Farm waste costs $35 per tonne
FARMERS could be forced to dump rubbish illegally because of the new waste levy coming into affect next week, Southern Downs Regional Councillors fear.
Cr Ross Bartley said one of the most contentious points of the levy was the inclusion to charge farmers for agricultural waste.
"It could put rubbish collection back 100 years," he said.
The Southern Downs Regional Council (SDRC) was initially told agricultural waste was exempt but later found that wasn't the case.
Cr Cameron Gow was concerned the levy would force farmers to dump their rubbish illegally - especially agricultural plastic which could not be recycled - to avoid paying the $35/tonne fee.
"The amount of waste generated by tomatoes and capsicums, we talking semi-trailer loads," he said.
"It's a disincentive to bring the waste to landfill. You are turning growers into criminals."
Cr Bellingham agreed there was a significant risk.
"I am concerned about the amount of waste it will generate," Cr Bellingham said.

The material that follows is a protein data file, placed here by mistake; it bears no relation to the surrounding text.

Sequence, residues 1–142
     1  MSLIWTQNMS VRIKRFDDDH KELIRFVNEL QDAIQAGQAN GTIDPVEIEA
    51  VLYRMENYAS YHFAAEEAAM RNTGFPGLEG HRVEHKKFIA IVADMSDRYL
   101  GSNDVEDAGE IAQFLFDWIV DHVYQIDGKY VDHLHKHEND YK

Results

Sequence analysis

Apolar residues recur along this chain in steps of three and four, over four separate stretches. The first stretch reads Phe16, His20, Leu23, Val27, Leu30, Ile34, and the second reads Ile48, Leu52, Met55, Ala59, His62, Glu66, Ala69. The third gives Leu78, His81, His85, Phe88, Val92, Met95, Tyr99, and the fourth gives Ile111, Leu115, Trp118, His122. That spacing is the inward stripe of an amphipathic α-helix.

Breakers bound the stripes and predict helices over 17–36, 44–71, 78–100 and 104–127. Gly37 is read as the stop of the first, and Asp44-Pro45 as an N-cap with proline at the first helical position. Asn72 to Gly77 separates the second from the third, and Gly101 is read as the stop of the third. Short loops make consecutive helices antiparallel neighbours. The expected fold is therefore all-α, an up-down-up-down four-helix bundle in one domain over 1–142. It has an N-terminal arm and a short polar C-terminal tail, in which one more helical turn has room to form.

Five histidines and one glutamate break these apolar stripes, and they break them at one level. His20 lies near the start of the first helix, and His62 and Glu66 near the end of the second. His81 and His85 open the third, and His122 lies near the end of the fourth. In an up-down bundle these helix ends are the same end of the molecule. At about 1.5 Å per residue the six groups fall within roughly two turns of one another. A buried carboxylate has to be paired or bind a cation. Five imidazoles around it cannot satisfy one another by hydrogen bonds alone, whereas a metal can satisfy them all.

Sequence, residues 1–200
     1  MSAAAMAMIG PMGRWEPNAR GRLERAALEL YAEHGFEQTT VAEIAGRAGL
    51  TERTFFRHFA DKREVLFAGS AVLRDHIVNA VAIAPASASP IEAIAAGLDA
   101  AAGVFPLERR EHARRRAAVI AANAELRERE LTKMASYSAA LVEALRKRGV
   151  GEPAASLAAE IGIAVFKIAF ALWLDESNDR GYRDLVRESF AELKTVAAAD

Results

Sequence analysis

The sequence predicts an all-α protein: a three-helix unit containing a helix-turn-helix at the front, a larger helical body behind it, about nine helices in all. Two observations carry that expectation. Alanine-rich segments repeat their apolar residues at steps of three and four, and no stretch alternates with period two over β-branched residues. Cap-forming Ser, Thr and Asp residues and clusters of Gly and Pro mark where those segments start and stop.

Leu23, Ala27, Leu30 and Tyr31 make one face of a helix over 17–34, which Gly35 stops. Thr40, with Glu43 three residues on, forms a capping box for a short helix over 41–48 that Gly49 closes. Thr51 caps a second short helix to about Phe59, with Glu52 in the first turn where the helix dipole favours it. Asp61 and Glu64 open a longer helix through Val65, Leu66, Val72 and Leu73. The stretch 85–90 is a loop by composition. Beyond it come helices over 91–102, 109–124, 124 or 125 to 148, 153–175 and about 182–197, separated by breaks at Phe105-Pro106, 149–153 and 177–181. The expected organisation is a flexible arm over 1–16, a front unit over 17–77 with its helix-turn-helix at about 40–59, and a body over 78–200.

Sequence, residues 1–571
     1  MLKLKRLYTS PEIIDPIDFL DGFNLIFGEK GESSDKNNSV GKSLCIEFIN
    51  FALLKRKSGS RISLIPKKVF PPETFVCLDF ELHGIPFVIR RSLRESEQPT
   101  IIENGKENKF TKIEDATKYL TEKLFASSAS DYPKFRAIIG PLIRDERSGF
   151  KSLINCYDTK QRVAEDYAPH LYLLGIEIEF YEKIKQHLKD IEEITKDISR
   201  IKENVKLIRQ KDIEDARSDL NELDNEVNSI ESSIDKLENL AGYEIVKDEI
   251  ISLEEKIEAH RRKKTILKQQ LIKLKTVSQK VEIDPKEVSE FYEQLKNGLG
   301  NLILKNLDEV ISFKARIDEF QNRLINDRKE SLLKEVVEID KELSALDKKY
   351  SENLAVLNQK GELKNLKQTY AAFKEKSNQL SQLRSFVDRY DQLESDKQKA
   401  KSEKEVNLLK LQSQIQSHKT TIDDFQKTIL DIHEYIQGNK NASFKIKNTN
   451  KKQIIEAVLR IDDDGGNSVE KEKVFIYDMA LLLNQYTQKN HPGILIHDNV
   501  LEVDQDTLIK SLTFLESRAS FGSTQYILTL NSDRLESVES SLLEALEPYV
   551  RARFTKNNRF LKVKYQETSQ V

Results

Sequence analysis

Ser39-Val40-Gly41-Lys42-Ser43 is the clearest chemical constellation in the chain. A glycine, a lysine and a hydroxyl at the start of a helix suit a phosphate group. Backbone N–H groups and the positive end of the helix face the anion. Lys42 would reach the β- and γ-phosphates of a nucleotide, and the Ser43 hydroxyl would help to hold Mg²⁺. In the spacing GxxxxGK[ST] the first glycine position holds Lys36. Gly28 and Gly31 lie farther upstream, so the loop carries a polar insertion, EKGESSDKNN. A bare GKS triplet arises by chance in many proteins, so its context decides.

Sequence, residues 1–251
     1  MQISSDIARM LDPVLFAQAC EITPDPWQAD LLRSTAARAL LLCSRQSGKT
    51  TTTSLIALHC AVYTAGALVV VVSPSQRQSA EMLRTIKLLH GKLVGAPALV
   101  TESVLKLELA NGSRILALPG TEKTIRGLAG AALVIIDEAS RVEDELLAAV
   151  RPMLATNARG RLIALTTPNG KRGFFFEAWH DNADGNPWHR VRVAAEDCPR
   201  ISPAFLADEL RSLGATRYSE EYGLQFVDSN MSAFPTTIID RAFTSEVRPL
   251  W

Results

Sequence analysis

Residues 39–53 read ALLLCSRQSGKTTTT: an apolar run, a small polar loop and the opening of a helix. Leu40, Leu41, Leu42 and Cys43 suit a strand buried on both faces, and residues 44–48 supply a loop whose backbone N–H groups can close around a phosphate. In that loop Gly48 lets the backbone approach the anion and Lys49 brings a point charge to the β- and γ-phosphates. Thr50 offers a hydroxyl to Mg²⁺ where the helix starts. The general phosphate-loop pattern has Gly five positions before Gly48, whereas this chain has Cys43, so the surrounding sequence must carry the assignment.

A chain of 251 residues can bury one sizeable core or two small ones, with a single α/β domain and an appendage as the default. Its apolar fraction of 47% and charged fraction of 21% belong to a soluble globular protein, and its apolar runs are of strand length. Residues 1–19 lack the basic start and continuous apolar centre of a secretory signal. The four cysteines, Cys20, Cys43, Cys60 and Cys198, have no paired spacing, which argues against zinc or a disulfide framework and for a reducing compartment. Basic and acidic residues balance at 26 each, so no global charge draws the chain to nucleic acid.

"In the north end (of the Southern Downs) I think there will be significant problems caused by that decision and the big impact will be here at the Granite Belt.
"We are told to put a levy on the capacity of the truck, not what is on the truck.
"Now that is crazy stuff and I wonder if the person who dreamed up that is living in the real world."
Despite their opposition to agricultural waste being included in the levy, councillors passed a recommendation to amend the fees to include farm and agricultural waste.
The council will write to the State Government to voice its dismay about the handling of the levy implementation.
- Waste will be charged at $35/tonne
- The levy takes effect from Thursday.
- Recycling is free
- The levy is a Queensland Government initiative.
- Churches and some other organisations can apply for exemptions